The experience of using your mobile phone can sometimes be spoiled by overlong download time, which can reduce effective wireless access to Internet sites. Now researchers have measured just how much energy is consumed by various different mobile websites.


The future of business is via mobile, so it's really important that the mobile device you are using works well. Now it seems that apart from the time it takes to download and render web pages from a site, many mobile sites are in fact so heavy that they use lots of battery power and thus somewhat restrict freedom of use.  A joint team of researchers from Stanford University in the USA and Deutsche Telekom R&D in Germany have discovered that the computer codes of some of the most popular websites consume an excessively high amount of energy. They tested the mobile versions of 25 sites, among themFacebook, Amazon, Gmail, AOL, eBay, BBC, Wikipedia, (Wall Street Journal) and using an Android Developer 3G Phone, connected to the Deutsche Telekom network. The energy consumption was then analysed using a high-precision multimeter.  A first test established that 1% of a fully charged battery represented 32.84 joules.

Wide variation in mobile optimisation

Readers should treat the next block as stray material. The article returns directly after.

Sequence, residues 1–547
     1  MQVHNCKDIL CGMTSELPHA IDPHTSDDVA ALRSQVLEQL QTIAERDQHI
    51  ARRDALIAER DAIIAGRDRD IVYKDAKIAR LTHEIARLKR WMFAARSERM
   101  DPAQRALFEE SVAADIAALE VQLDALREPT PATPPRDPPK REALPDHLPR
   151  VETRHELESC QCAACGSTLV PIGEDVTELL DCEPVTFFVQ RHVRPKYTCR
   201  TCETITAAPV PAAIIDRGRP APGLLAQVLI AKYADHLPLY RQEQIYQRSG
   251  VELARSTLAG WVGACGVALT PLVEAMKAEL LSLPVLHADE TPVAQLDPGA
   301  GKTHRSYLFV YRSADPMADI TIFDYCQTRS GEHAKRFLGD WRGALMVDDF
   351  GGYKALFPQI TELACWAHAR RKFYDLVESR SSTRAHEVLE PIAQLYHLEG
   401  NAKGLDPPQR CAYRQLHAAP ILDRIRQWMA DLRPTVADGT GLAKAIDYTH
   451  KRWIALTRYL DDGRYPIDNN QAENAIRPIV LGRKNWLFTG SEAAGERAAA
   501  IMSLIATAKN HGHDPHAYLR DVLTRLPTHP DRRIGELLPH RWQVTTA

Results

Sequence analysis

The research threw up a number of findings regarding websites' energy use.'s home page is by far the most power hungry. This is in part due to the fact that Apple has not built a mobile version of its site, and that the Apple home page uses an image file which is not at all optimised for mobile devices, so that the device has to make a recalculation in order to render the page on small screens. In addition, the researchers discovered that images, Javascript, and use of the style sheet language Cascade Style Sheets (CSS) also tend to use a lot of power. All the sites which use CSS for their layout, such as Yahoo!, Microsoft and Picasa, incur higher energy consumption than that those using HTML. They also observed that many web pages use unnecessarily complex - and sometimes unused - code, one example being the mobile version of Wikipedia. They therefore undertook the task of modifying the scripts of some web pages and were able for example to reduce the energy required to render the Apple mobile site by 5 joules and the power needed to consult Wikipedia by 10 joules.

'Speed and beauty' trump energy savings

This study shows that mobile sites, especially those designed for business use, are often "optimised for speed and beauty", but pay little attention to the amount of power needed to download and render the pages.Given that the freedom of using a mobile device anytime, anywhere is what most encourages greater use, higher levels of sending and receiving information, and thus provides a better overall customer experience, it’s clearly vital that site designers make it a priority to reduce energy consumption. And it's worth pointing out that downloading publicity materials is not at all a problem here. The researchers found that on all the sites they tested, advertising used small JPEG files which consume very little energy.